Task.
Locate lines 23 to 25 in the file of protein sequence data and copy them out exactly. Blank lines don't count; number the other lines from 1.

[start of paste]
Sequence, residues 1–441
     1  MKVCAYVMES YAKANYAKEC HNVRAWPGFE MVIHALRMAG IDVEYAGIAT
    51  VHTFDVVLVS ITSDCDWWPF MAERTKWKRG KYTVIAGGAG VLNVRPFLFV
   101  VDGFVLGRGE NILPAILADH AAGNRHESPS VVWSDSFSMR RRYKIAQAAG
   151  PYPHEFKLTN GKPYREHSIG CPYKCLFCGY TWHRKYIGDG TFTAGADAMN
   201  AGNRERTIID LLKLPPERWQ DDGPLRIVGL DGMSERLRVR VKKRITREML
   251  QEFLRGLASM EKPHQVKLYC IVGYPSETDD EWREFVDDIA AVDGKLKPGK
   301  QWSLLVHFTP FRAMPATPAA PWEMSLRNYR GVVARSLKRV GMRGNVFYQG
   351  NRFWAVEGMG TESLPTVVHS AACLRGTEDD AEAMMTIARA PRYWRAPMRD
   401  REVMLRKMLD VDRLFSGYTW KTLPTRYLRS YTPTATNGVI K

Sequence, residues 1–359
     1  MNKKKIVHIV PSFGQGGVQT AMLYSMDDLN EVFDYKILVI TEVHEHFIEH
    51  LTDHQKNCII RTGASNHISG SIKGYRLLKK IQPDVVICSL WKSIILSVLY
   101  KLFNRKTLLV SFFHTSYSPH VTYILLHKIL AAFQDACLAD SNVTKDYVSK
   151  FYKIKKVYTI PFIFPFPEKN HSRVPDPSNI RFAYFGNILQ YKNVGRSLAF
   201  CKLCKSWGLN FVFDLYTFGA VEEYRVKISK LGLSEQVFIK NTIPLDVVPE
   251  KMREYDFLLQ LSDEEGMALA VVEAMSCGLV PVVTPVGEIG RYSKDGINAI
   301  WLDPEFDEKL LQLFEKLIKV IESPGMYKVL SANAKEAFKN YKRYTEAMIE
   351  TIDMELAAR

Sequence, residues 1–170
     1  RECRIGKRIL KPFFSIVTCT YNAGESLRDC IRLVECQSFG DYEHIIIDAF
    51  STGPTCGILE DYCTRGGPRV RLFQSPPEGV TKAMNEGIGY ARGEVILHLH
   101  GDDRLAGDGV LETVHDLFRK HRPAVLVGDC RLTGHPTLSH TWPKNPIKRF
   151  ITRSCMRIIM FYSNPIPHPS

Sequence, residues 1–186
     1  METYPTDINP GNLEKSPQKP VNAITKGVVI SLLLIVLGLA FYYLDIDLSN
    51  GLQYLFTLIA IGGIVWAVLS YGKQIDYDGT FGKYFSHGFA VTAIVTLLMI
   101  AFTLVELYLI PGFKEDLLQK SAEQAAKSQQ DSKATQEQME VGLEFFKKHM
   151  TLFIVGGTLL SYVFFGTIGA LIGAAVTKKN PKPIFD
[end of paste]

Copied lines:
   101  GDDRLAGDGV LETVHDLFRK HRPAVLVGDC RLTGHPTLSH TWPKNPIKRF
   151  ITRSCMRIIM FYSNPIPHPS

Sequence, residues 1–186